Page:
My best friend and I have children 17 years apart. It turns out that the age of the parents plays only a minor role in the way we raise our daughters: this is what matters most.

  • My friend and I have known each other for over 35 years.
  • She had her daughter at 27 and I had mine at 42, 17 years apart.
  • Despite the age difference, we realized that we have many things in common when it comes to raising them.

Irritability, congestion and restlessness. I was wondering if these were symptoms of my baby getting his first tooth or that he had COVID.

I called my best friend from high school, Molly, to get her input, even though she had never been a mom to a baby during a pandemic. She answered my call while she was sitting in the dentist’s office, waiting for her daughter to come out of a wisdom teeth extraction. about the past two years, our relationship has seen a resurgence as we share the joys and worries of being a mother to our daughters. But while I stocked up on plasters and knee pads as my daughter learned to walk, Molly racked up sleepless nights waiting for her new driver to come home.

Molly and I are both 44 years old but raising daughters 17 years apart. We have been friends for 35 years. In our teens, we traded babysitting jobs, always imagining that we would be raising children of the same age. His daughter is almost 19 years old and mine is 2.

Society often assumes that we will raise our children differently because we become mothers at different ages, but research shows that age cannot predict parenting style. Although we became mothers almost two decades apart, the challenges and milestones we face as mothers will be more similar than different.

Mental health and social support play a bigger role than age

The same week I dropped my daughter off at her first preschool, Molly dropped her freshman off at college. We call each other describing the coincidental knots in our throats mourning our mutual losses. Although my daughter knew that she had not disappeared, she worried me that she did not trust her to return. And even though Molly knew her daughter wasn’t missing, she worried about coming home and all that it entails. While our minds can learn as children that objects still exist, even if they can’t be felt, our hearts never seem to learn object permanence, no matter our age.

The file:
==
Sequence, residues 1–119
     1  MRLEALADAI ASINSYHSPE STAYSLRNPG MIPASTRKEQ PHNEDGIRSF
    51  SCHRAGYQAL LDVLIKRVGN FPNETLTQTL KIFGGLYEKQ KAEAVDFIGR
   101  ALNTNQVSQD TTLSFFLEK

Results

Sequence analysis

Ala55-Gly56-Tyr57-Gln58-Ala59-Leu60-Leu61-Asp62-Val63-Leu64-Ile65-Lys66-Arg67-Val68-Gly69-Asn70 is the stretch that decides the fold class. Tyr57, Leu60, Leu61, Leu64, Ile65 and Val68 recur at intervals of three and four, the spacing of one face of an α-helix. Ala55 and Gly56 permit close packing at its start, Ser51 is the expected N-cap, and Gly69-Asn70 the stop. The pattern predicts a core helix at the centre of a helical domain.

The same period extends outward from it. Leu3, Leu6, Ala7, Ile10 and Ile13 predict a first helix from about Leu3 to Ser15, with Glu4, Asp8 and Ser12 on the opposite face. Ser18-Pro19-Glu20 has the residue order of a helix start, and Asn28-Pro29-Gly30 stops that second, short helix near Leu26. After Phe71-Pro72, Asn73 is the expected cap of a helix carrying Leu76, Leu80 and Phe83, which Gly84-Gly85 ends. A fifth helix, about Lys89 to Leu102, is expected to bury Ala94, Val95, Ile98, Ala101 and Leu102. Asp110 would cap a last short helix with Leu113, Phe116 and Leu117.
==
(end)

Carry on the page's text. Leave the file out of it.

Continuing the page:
Talk to amy lewin, a clinical psychologist and professor of family sciences at the University of Maryland who co-authored an article reporting a longitudinal study on parenting styles. She examined mothers of 2-year-olds to determine if certain factors influence parenting practices. Mothers were categorized by the age they first became mothers: teen mothers (18 years or younger), emerging adult mothers (19-25), and adult mothers (26 years or older).

When maternal education, poverty status, and race were controlled for, the researchers found that certain practices appeared to be correlated with age. For example, adult mothers had a more positive regard for their children than did emerging adult mothers who had a more positive regard for their children than adolescent mothers. However, Lewin said factors such as a mother’s attachment history, mental health and social support have a much greater impact on parenting behaviors than age. “These are aggregate data, so while we can see this pattern at the population level, there is enormous individual variation,” Lewin said.

Some things are the same regardless of age.

Some aspects of motherhood are timeless, regardless of the age at which we became mothers or the age of the daughters we raised. The means by which we do it may change, but the goal is the same. We want to encourage them to dream. We want to protect them. We want them to feel seen. We want them to learn healthy boundaries. The values ‚Äč‚Äčthat my friend and I share far exceed the age at which we became mothers.

The technology that we will have used with our daughters at the same age will vary, but not the objective: security, for example. When Molly’s daughter was 2 years old, she would watch her sleep on a baby monitor on her nightstand. I use an app on my iPhone linked to a camera in her room. Now Molly tracks her daughter’s whereabouts through an app on her phone. She knows how fast she drives and when she gets to her bedroom. When my daughter is in college, who knows what kind of technology I will use to monitor her safety.

The era in which we become parents shapes our parenting practices around safety. My daughter was born during the COVID pandemic and Molly’s daughter was born right after 9/11.

There are so many important factors that determine one’s parenting style, and age is just one of them. Ultimately, we each forge our own path as parents despite the way society tries to assign us certain “tracks” based on age.

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